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Review: Takashi Miike’s “First Love” Is More Violent Than Romantic

The Japanese auteur builds on his signature theme of cartoonishly bloody action movies but eschews sympathetic characters and drama.

By , 27 Sep 19 00:52 UTC
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Courtesy of WellGo USA.

When you hear that a movie is called First Love (also known as Hatsukoi), and revolves around “a young boxer and a call girl who fall passionately in love,” you would not be remiss to think that it would be a great date night movie. In this case though, you couldn’t be more wrong⁠—Takashi Miike’s latest film First Love bears more resemblance to gory splatter films than any romantic drama.

First Love is set in the context of a yakuza turf war between an old-school Japanese gang and an up-and-coming Chinese gang. This context is believable and rooted in reality: director Takashi Miike indicated in an interview that as the Yakuza lose power in contemporary Japan, “outlaws from different cultures such as the Chinese are taking advantage [of the situation].”

The Japanese gang is holding Monica (Sakurako Konishi) as a sex slave, forcing her into prostitution to pay off her father’s debts. Yakuza underling Kase (Shota Sometani) conspires to steal drugs from his fellow gangsters, blame it on the Chinese, and hide out in prison while the ensuing battle takes out the yakuza leadership so he can come out on top. He does so with the help of crooked cop Otomo (Nao Omori), who calls on the services of Monica as part of Kase’s ruse.

Courtesy of WellGo USA.

Hints of Romance

Kase’s plans go awry when Monica suffers drug withdrawal effects and runs away from Otomo, into the arms of the boxer Leo (Masataka Kubota), who just learned that he has an inoperable brain tumor. Together, the two evade Japanese and Chinese gangsters; both groups think she has the stolen drugs (which are actually with Kase).

Up to this point, audiences unfamiliar with Takashi Miike’s previous work are probably wondering when the romance is going to begin. Perhaps a beheading in the opening minutes was to foreshadow the violence that would follow, but otherwise there was little indication that this film would be more crazy than charming.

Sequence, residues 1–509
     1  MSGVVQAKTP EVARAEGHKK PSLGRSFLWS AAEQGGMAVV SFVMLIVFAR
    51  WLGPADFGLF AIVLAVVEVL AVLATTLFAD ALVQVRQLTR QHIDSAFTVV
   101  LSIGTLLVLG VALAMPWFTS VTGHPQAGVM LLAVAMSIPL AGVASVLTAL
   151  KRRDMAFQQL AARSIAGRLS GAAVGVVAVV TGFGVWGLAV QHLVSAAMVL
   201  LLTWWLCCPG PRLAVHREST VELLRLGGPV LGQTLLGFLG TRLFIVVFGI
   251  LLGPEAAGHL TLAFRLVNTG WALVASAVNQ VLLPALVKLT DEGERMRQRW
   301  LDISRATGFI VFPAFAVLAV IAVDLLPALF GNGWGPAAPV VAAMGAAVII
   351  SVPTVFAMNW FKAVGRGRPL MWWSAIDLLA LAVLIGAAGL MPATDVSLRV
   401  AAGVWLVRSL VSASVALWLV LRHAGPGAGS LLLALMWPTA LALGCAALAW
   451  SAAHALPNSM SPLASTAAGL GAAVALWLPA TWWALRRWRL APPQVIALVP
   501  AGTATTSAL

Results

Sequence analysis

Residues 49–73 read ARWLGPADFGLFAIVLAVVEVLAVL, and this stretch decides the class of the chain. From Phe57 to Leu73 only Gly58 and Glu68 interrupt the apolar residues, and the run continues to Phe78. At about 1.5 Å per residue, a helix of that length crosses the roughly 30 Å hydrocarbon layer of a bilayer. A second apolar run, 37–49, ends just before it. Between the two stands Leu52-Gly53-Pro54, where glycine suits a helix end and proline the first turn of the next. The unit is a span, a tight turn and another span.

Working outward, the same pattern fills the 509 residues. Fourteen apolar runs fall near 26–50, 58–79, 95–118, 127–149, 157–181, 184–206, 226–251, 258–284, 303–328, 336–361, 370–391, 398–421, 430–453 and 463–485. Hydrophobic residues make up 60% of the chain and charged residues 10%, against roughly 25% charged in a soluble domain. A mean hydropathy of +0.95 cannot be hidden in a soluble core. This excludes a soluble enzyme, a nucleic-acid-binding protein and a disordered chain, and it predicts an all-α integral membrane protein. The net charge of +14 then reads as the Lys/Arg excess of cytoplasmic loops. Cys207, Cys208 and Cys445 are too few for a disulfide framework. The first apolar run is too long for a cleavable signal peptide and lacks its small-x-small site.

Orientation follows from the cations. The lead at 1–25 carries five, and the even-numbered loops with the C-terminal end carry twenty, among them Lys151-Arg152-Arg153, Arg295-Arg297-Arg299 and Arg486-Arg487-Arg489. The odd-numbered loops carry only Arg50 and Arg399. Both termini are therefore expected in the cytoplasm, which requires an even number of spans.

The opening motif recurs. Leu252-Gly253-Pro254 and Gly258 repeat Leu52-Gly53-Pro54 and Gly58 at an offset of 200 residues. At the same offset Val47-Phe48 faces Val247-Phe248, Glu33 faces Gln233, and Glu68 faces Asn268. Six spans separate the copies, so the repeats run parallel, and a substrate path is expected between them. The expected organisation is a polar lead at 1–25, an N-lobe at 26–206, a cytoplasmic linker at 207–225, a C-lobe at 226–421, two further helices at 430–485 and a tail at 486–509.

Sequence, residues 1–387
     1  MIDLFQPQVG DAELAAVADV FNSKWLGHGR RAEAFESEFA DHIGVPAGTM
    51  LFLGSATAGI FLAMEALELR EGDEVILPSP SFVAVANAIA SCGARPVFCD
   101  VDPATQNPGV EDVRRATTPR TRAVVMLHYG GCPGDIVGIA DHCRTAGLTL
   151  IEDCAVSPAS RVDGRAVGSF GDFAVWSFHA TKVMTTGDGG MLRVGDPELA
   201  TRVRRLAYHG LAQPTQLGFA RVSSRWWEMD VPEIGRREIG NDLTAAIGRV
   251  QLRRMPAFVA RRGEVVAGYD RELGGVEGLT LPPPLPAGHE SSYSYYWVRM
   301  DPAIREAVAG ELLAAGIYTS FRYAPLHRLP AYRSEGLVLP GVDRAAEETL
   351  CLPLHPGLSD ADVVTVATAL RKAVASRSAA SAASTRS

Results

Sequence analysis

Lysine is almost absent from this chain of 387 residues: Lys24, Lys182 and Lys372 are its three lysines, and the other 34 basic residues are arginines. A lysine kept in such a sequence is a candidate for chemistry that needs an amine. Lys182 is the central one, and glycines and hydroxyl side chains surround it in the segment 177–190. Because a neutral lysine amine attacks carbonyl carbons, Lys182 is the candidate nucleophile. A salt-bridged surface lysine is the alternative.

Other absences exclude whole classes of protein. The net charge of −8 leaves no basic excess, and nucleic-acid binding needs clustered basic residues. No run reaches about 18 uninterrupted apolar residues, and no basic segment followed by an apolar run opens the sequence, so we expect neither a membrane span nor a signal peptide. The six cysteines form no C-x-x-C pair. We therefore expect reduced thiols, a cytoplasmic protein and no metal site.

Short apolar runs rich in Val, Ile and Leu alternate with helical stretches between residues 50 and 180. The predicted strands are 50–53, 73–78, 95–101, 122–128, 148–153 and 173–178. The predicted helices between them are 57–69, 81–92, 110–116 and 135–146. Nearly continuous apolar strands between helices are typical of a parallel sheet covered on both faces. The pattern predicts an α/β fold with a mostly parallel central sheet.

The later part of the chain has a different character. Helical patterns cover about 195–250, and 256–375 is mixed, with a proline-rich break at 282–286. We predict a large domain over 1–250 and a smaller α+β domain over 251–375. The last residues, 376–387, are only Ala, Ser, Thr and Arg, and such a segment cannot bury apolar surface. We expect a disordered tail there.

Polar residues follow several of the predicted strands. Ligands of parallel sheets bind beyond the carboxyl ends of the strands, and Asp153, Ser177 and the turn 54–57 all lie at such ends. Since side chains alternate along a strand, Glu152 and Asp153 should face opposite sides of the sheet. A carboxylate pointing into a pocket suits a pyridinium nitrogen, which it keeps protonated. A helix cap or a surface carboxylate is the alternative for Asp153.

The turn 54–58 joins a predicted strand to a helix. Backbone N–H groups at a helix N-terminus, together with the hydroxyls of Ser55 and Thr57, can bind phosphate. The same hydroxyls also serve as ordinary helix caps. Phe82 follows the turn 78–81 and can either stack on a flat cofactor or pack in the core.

There are even hints of romance between Monica and Leo—Monica tells Leo about how her dad used to abuse her, and how one of her classmates would always come to her rescue. Leo reminded her of this classmate, Monica tells him, and Leo ends up taking Monica around the city after noticing she has nowhere to go home to.

Courtesy of WellGo USA.

Violence Over Plot

Things turn violent pretty quickly once the gangsters catch up to our lovebirds. The action ultimately culminates in a bloody fight scene in a warehouse where the gangsters cut off each others’ limbs and shoot each other with shotguns.

However, the gratuitous violence ends up being more cartoonish than dramatic, and does little to advance the plot. The story itself is pretty simple, and unlike a Chinese movie that also told a love story over the course of a night, First Love lacks any meaningful character development. Director Takashi Miike said he found a balance in the film through the “hopeless outlaws’” death also marking “the beginning of love,” but we fail to see that balance as the film eschews the “beginning of love” for outlaw deaths for the majority of the running time.

Fans of Tarantino’s movies like Kill Bill or Inglorious Basterds may well enjoy the focus on bloody fights over character development or plot, but other moviegoers will end up unsatisfied by the relatively simple story and lack of depth to any of the main characters.

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First Love (Japanese: 初恋 Hatsukoi)—Japan. Dialog in Japanese and Mandarin Chinese. Directed by Takashi Miike. Running time 1 hour 48 minutes. First released May 17, 2019 at the Cannes Film Festival. Starring Masataka Kubota, Nao Ōmori, Shota Sometani, and Sakurako Konishi. 

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